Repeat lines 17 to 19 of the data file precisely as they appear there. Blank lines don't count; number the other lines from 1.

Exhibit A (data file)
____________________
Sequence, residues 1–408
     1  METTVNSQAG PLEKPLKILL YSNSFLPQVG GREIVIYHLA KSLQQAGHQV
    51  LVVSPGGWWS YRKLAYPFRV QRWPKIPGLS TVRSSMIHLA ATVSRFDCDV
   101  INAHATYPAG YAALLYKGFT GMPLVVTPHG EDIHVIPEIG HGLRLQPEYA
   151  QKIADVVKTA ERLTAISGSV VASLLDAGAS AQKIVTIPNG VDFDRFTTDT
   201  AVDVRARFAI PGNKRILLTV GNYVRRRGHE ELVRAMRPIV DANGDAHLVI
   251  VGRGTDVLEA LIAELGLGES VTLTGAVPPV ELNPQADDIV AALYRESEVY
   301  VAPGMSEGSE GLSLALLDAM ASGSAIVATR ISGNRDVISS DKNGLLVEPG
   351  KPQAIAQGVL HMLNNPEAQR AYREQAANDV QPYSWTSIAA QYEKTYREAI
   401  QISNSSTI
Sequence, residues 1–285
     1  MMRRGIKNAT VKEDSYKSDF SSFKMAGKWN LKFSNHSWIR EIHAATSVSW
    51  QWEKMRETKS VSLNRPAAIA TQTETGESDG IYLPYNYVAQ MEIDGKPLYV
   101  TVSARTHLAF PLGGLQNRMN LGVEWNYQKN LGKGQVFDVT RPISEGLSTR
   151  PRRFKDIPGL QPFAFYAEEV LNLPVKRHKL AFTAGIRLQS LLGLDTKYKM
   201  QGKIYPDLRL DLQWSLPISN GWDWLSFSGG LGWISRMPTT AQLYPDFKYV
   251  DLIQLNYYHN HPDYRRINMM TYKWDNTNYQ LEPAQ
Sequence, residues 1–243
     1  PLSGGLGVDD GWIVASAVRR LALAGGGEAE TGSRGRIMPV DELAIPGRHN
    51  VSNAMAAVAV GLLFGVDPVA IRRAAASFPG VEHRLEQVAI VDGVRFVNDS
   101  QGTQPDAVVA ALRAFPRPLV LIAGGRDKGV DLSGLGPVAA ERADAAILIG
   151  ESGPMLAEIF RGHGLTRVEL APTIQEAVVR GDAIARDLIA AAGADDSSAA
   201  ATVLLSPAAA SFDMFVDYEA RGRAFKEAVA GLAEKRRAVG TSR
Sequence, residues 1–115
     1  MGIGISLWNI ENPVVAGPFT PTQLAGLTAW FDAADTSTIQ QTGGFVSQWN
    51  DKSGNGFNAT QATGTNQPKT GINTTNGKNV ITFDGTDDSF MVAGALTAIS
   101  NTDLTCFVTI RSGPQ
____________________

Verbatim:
   251  DLIQLNYYHN HPDYRRINMM TYKWDNTNYQ LEPAQ
Sequence, residues 1–243
     1  PLSGGLGVDD GWIVASAVRR LALAGGGEAE TGSRGRIMPV DELAIPGRHN